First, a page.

How to keep spider mites off your tomato plants – Orange County Register

Q: For several years I have had problems with spider mites on my tomato plants. I tried hosing down the plants in the morning but I think this caused blossom end rot on the tomatoes. I don’t want to spray anything that will harm the monarch butterflies. Should I give up tomatoes next year to see if that gets rid of spider mites?

A: Spider mites can be a major nuisance in dry climates. They will attack a wide variety of plants, including vegetables, ornamentals, grapevines, berries, and even houseplants. The presence of fine webs on leaves and petioles is the most obvious sign of an infestation. The mites themselves are barely visible without magnification, but they can be found on the undersides of the leaves. They can overwinter in mild climates, hiding in leaf litter or other sheltered places.

Once the weather warms, they begin to reproduce rapidly and can produce a new generation every week during the summer and early fall months.

They prefer dusty conditions, so flushing the foliage regularly with overhead watering is helpful. (Blossom end rot in tomatoes is caused by soil calcium deficiency and water stress, not overhead watering.) Spider mites also tend to appear on plants that are water stressed, so regular watering is essential.

Fortunately, there are many predators who will happily snack on spider mites. Ladybugs, six-spot thrips, pirate beetles, big-eyed beetles, lacewings, and some species of predatory mites all feed on spider mites. Avoid using broad spectrum insecticides as you don’t want to kill the predators. In fact, for this reason, spider mite infestations are at their worst immediately after pesticide treatment.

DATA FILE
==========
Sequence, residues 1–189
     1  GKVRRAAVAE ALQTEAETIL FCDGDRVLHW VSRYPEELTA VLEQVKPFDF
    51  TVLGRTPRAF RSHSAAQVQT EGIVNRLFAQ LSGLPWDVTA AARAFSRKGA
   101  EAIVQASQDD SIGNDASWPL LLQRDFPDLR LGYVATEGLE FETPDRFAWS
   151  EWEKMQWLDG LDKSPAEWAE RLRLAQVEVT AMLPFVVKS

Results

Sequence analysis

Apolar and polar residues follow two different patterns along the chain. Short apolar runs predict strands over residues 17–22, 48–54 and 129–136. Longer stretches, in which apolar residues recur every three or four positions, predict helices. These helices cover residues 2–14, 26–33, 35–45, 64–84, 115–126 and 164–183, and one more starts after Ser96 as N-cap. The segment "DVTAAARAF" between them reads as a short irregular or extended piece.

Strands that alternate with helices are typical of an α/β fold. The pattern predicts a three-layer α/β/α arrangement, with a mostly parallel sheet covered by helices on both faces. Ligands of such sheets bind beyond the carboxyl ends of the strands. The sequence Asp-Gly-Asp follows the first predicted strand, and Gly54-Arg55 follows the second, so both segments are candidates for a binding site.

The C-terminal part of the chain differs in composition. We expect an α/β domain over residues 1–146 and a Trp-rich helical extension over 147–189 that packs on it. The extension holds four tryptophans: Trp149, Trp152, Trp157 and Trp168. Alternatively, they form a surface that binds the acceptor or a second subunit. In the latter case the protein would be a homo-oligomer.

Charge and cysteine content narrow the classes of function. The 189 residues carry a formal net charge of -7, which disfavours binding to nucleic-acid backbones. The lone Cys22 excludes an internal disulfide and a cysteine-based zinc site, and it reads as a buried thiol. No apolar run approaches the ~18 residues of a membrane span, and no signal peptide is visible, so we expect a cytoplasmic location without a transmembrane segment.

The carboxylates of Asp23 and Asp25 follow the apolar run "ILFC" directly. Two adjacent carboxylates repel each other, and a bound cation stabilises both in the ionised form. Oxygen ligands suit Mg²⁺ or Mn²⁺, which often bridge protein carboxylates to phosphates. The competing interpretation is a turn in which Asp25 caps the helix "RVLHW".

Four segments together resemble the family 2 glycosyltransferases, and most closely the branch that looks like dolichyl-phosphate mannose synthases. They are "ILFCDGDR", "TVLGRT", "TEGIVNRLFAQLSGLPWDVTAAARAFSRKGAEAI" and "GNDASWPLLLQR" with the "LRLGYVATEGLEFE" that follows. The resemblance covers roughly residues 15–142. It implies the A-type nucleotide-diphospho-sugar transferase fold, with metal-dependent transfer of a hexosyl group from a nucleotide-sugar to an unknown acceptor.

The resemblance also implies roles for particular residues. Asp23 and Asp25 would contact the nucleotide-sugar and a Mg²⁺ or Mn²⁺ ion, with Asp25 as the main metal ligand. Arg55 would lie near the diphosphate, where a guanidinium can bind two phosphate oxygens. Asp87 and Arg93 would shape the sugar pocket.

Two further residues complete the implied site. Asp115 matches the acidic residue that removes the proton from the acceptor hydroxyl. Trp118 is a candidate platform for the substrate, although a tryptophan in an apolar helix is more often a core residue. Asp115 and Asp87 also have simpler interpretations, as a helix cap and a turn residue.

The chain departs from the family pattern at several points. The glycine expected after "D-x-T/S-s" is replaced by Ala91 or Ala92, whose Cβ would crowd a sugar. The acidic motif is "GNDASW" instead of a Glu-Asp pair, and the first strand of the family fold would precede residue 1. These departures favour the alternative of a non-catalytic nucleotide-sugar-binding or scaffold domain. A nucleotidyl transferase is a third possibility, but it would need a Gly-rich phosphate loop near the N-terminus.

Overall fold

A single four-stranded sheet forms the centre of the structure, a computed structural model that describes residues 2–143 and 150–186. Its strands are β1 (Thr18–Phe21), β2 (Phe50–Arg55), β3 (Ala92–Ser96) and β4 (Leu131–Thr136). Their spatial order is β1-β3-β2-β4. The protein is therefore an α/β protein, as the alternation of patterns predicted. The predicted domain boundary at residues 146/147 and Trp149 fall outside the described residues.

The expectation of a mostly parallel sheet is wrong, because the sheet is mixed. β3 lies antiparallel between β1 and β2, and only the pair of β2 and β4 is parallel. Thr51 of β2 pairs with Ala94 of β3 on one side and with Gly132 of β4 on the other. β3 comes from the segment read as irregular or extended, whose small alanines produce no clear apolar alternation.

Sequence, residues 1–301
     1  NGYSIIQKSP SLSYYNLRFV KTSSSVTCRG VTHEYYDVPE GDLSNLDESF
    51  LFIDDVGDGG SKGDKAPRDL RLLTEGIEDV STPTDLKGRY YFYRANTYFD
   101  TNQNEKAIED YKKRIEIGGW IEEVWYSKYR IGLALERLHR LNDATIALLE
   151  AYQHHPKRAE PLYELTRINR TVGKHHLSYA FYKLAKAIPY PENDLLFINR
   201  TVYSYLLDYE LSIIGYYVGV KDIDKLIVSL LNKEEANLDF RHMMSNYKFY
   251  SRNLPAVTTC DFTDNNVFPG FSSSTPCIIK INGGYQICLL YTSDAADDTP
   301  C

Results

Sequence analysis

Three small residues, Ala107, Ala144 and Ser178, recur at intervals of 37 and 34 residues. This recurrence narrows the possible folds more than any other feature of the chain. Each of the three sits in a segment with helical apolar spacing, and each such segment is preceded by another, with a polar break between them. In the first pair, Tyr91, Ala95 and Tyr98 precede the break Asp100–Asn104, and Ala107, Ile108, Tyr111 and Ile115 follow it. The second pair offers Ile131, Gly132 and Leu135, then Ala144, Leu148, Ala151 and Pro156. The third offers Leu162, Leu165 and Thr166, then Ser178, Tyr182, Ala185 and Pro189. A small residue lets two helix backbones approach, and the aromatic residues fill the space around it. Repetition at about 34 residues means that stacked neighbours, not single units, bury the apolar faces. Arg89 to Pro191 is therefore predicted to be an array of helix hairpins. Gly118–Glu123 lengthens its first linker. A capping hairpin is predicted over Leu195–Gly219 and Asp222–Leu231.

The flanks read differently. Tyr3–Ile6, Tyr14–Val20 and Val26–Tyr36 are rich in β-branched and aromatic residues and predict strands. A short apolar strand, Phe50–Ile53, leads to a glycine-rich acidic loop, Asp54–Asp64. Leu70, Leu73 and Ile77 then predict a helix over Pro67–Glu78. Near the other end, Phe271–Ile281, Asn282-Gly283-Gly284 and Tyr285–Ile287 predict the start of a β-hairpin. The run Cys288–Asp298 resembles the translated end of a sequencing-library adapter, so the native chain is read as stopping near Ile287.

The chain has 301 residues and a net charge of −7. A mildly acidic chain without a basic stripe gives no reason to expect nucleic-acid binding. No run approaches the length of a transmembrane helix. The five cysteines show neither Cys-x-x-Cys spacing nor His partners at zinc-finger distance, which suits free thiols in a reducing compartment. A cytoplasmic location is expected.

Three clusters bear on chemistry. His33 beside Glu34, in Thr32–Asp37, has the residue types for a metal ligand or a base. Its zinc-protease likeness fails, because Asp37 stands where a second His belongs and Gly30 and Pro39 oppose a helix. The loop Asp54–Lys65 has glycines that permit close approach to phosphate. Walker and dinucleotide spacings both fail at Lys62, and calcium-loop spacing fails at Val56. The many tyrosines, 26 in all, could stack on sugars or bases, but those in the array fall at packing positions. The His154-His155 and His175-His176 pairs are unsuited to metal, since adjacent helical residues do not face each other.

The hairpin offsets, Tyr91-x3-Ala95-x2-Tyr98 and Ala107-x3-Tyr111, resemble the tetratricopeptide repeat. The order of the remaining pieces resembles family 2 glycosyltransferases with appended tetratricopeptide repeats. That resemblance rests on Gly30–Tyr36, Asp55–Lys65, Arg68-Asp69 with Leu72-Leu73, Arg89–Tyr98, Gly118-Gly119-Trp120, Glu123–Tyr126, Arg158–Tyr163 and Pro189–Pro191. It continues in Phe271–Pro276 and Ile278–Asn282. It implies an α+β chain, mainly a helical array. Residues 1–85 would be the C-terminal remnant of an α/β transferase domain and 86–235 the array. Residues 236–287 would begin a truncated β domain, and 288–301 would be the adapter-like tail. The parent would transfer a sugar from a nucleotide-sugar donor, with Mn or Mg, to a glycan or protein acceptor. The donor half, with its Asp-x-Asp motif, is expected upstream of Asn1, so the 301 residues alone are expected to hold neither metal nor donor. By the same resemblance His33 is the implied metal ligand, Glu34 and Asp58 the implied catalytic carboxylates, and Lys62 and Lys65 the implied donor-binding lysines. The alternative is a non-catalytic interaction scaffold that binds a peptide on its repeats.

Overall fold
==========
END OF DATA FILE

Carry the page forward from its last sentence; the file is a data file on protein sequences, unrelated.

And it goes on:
If the infestation is really severe, insecticidal oils or soaps can be used sparingly. Always follow label directions when using pesticides.

Q: I heard somewhere that you can overwinter pepper plants if you protect them from frost. Is that true?

A: Pepper plants are perennial in their native tropical climates. In fact, they can reach the size of a small tree. If you live where winter temperatures don’t get too low, you might be able to overwinter them.

Once they have finished producing, prune them back to about 18 inches and clear the bottom of fallen debris like dead leaves and old fruit. (You want the plant to survive the winter, not some hidden pests.) Cover with a frost blanket or use Wall O’ Water pesticides. When my kids were younger, we used a gallon or two of milk a day, so I just rinsed out the plastic jugs, filled them with water, and placed them around the plants. (We didn’t have money to buy frost blankets because we spent it on milk.) How to keep spider mites off your tomato plants – Orange County Register

Adam Bradshaw

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